Recently, Okta released an article titled “Nobody Cares About OAuth or OpenID Connect” that authoritatively stated that “Developers don’t care about OAuth or OpenID Connect”. I strongly disagree.
Their key takeaways are:
- The security community needs to keep developers safe
- Developers using OAuth and OpenID Connect client libraries is similar to them rolling their own crypto
- Client libraries should handle all of the authentication and authorization for developers, not just OAuth and OpenID Connect
I am a developer who teaches other developers about OAuth and OpenID Connect. The company I work for does okay for itself, we do not lack for customers. Customers I have worked with include startups, SMEs, household name brands, and large financial institutions with over 20 million users.
What I’m driving at here is that my role at Rock Solid Knowledge proves that there is an appetite from developers to learn more about OAuth and OpenID Connect and how to use them effectively. So maybe it’s a little too much to state that developers don’t care.
My Experience with Developers
A lot of my time is spent training developers that they aren’t using Okta, or IdentityServer4, Azure AD, or Auth0; but rather that they are using OAuth and OpenID Connect. Once they understand that, they are no longer constrained to proprietary client libraries, they can now effectively Google all of their problems, and their ability to secure their apps is dramatically increased.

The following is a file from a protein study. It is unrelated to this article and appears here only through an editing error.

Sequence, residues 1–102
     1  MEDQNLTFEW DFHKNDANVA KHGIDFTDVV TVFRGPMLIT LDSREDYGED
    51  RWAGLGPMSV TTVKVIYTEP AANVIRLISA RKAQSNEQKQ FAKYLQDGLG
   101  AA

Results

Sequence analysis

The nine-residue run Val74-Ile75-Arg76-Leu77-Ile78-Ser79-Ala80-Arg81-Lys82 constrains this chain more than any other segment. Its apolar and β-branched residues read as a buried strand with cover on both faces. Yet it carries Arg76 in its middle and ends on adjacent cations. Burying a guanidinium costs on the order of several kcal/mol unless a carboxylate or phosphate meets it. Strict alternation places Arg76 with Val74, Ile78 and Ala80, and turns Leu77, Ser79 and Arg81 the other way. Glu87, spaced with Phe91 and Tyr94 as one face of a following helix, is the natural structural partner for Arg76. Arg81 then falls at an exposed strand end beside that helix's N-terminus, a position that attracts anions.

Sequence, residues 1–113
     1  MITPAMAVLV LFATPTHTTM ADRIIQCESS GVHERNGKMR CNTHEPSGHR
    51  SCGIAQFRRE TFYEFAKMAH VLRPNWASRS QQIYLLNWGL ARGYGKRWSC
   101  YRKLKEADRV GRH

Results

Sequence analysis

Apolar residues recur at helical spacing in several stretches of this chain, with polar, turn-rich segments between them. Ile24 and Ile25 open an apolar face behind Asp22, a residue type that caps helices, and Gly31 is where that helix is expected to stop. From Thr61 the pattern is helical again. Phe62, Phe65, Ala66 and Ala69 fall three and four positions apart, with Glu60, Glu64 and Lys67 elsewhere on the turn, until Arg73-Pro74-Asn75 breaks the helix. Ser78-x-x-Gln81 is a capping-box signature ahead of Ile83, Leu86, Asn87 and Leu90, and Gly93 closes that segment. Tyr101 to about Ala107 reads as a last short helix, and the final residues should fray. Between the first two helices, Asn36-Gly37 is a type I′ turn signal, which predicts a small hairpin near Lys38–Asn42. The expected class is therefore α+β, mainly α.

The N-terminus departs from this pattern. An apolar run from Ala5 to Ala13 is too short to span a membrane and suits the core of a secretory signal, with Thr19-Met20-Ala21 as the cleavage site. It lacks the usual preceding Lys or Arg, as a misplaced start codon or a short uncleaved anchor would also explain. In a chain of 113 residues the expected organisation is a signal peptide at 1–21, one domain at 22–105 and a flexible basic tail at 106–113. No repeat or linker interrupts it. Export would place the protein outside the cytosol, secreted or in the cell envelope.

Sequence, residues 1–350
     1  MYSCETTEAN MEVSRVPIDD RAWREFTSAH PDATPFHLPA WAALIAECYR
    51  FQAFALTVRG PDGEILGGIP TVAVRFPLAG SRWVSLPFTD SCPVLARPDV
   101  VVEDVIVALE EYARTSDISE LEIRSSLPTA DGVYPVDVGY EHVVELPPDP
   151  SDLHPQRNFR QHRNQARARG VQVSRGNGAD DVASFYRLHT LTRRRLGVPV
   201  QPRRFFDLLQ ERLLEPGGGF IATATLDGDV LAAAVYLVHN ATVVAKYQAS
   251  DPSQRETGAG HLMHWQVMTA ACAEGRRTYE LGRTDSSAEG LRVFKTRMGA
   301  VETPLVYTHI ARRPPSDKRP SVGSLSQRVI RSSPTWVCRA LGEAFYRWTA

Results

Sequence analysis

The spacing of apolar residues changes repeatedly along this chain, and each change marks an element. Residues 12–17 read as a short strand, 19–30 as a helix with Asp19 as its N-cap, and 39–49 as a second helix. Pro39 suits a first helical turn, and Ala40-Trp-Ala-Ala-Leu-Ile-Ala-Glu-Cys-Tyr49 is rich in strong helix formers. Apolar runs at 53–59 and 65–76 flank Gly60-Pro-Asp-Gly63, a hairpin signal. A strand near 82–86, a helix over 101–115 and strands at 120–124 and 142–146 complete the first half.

Without this knowledge I have seen developers:
- Use the implicit flow, and a localhost redirect URI in a mobile application (Okta, please update your article)
- Write hash fragments with access tokens to the Location header
- Use the ROPC grant type everywhere
- Store refresh tokens in a SPAs local storage
While this lends to the article’s thinking that OAuth and OpenID Connect is hard and developers don’t need to know about it, I would argue that further abstracting this behind a generic authentication/authorization library would only make things harder for developers, further entrenching them in the mindset of “I am using Okta”, as opposed to “I am using OAuth to authorize access to my API”.
Even with a generic authentication/authorization library, some of those issues above may still be present. Where is the line drawn?
A comparison is made with the standard advice: “Don’t roll your own crypto”. Sure, OAuth is something new (ish) to learn, but it is no way as complex as cryptography, and, much like cryptography, OAuth is not the result of a few super genius experts, but rather the broader developer and security community. It is a group effort and collection of agreed best practices. Should developers, the people using the technologies, be excluded from the OAuth community?
A better approach would be to offer more best practice documents. These are excellent developer resources, with a perfect example being “OAuth 2.0 for Native Apps”. This document is simple enough to read and tells a developer in no uncertain terms how to use OAuth securely for that application type, and even which technologies to use or avoid. Maybe this should be the focus of the security community, rather than thinking of developers as incapable.
My Experience with Client Integration
The article lands upon the conclusion that developers shouldn’t use OAuth and OpenID Connect client libraries, but instead use generic authentication and authorization libraries, that completely abstract away claims, tokens, and the protocols themselves.